Nespoli talks with Italian students via amateur radio

ESA astronaut Paolo Nespoli during the STS-120 mission
30 October 2007

The first amateur radio link-up between ESA astronaut Paolo Nespoli and Italian students was established yesterday morning at around 9:30 CET (08:30 UT). On this occasion two classes participated: the IIS Deambrosis-Natta School, from Sestri Levante, near Genoa, and the Engineering Faculty of the University of L'Aquila.

The double link-up with the International Space Station (ISS) was made possible thanks to the Amateur Radio on the ISS (ARISS) educational activity, which is part of the joint ESA-ASI programme of education activities for the ESPERIA Mission.

The high school students from Sestri Levante and the university students from L’Aquila took turns to talk with Paolo Nespoli. They were also fortunate enough to receive an unexpected welcome from STS-120 (NASA) Commander Pamela Melroy.

At the end of the contact Nespoli enthusiastically accepted to continue the dialogue during the next ISS pass. The second contact was established at 10:59 CET (09:59 UT).

"The radio link-up lasts about 10 minutes, which is about the period of time the International Space Station takes to pass over the place of the contact itself," commented Francesco De Paolis, the Italian ARISS mentor for the experiment. "We sincerely thank Paolo Nespoli for his kindness. This is a great message for our students."

In his answers to the students, Nespoli explained how as a child he had dreamt of becoming an astronaut, underlining that dreams really can become reality. He also stressed how exciting it is to take part in a spaceflight. He described the astonishingly intense physical and psychological experience of launching with the Space Shuttle and afterwards, experiencing weightlessness once in orbit.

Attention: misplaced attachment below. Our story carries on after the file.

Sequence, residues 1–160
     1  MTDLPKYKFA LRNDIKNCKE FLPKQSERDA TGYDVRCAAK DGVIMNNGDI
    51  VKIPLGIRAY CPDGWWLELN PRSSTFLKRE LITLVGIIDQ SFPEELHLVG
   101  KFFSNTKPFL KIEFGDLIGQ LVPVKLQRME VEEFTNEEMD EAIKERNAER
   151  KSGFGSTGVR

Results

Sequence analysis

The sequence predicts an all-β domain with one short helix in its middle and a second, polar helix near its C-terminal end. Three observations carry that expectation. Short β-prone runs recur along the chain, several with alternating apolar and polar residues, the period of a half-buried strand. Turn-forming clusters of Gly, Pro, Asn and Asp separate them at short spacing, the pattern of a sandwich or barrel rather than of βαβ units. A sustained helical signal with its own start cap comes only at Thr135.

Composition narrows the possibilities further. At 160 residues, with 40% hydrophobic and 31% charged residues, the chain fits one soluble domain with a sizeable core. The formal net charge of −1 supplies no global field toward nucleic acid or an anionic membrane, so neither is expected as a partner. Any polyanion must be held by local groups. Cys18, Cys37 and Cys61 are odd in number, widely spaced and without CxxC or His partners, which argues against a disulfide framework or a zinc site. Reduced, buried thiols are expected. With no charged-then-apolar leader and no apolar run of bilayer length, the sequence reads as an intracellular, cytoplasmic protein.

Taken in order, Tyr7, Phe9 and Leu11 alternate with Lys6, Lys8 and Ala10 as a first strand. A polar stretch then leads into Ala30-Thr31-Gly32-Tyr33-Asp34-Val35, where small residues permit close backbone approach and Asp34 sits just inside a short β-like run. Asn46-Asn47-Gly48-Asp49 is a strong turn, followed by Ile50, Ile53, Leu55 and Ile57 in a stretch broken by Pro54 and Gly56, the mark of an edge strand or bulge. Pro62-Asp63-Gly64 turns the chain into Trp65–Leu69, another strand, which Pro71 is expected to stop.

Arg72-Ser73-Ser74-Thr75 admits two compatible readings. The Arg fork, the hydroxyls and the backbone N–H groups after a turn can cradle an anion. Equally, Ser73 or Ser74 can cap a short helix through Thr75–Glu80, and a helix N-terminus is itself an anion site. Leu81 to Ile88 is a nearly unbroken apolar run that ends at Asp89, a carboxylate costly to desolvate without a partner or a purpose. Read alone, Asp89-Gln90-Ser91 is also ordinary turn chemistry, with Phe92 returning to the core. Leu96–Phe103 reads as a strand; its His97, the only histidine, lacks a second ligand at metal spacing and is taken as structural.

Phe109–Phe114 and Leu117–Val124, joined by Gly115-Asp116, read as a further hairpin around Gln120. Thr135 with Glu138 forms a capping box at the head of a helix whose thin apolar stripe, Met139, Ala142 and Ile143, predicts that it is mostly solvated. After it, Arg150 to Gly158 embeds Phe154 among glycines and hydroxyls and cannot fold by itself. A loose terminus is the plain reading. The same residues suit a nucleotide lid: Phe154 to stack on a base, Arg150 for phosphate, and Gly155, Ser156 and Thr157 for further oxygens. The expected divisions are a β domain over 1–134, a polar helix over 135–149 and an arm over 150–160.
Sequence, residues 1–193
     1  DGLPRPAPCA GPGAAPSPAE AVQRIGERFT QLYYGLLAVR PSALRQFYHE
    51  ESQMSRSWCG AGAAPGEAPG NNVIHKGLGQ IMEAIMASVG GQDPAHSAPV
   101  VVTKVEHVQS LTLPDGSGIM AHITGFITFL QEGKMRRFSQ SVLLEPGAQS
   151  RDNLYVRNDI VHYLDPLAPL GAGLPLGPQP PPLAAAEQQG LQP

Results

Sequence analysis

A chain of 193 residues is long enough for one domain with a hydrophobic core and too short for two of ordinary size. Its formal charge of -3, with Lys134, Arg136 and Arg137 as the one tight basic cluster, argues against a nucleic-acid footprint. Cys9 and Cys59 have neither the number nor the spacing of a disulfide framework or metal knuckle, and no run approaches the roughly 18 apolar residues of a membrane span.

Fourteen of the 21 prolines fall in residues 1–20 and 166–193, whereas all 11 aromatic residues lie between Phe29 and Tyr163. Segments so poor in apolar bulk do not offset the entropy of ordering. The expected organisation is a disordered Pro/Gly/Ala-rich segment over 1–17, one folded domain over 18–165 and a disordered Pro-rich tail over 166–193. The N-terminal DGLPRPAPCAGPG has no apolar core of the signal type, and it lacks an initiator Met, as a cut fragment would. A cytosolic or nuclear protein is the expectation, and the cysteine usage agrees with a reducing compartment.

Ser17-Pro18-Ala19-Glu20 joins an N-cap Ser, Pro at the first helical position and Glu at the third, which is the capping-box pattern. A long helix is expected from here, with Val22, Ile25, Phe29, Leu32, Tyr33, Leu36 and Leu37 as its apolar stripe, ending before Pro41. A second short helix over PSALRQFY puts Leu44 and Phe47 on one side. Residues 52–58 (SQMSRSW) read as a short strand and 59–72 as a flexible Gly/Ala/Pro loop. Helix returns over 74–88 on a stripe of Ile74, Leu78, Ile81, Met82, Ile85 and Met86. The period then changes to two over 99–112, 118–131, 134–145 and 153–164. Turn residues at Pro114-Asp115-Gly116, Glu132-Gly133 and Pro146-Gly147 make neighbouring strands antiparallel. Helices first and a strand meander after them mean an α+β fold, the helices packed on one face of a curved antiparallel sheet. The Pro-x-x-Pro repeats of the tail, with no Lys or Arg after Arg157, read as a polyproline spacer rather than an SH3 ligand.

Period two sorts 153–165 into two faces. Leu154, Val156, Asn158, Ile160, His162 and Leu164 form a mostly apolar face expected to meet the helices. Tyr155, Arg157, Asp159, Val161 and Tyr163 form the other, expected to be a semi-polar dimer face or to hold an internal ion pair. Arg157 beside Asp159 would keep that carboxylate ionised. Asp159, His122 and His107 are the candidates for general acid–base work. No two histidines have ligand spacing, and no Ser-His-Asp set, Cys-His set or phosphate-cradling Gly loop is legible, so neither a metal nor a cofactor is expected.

When Francesco from the IIS Deambrosis-Natta School asked if Nespoli’s occupation is a job or a passion, the ESA astronaut answered with a wish that counts for everyone: that everybody can have a job that is their great passion, as he can as an astronaut.

"We are proud to provide such a service to schools and particularly to technical oriented ones. It is very important to establish a bridge between them and a technological challenge such as the ISS itself," said Gaston Bertels, President of ARISS-Europe.

ARISS is an international group of amateur radio societies in countries that participate in the ISS programme. Before a spaceflight with a European astronaut, schools can send an education programme to ARISS, including a request for a radio link-up with an ESA astronaut on board the ISS. On the basis of the proposals received, the international committee leading the ARISS programme choose the schools in close coordination with ESA, also taking into account the nationality of the ESA astronaut flying.

The second and final amateur radio educational activity during the Esperia Mission is planned for Wednesday 31 October at 08:33 CET (07:33 UT), with the participation of students from the Liceo Scientifico 'Galileo Galilei', in Civitavecchia, Rome, and from the ITI – LST Mottura, in Caltanissetta, the oldest mining school in Italy.

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